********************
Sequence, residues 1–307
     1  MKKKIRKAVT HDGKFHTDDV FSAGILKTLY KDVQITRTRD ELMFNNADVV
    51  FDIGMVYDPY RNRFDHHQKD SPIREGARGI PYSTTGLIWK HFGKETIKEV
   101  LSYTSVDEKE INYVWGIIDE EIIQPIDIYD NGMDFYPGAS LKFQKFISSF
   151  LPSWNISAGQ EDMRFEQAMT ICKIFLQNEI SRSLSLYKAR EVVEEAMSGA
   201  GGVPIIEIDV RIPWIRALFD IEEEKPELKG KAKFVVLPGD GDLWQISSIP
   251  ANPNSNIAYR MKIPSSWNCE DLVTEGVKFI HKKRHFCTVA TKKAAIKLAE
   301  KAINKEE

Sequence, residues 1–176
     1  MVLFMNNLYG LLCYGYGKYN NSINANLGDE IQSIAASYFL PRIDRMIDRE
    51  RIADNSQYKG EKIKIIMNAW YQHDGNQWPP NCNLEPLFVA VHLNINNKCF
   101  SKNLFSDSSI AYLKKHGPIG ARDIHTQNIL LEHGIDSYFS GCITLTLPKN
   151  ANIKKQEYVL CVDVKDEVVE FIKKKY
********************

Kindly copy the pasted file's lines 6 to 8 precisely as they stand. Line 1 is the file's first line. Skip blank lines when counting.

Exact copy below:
   201  GGVPIIEIDV RIPWIRALFD IEEEKPELKG KAKFVVLPGD GDLWQISSIP
   251  ANPNSNIAYR MKIPSSWNCE DLVTEGVKFI HKKRHFCTVA TKKAAIKLAE
   301  KAINKEE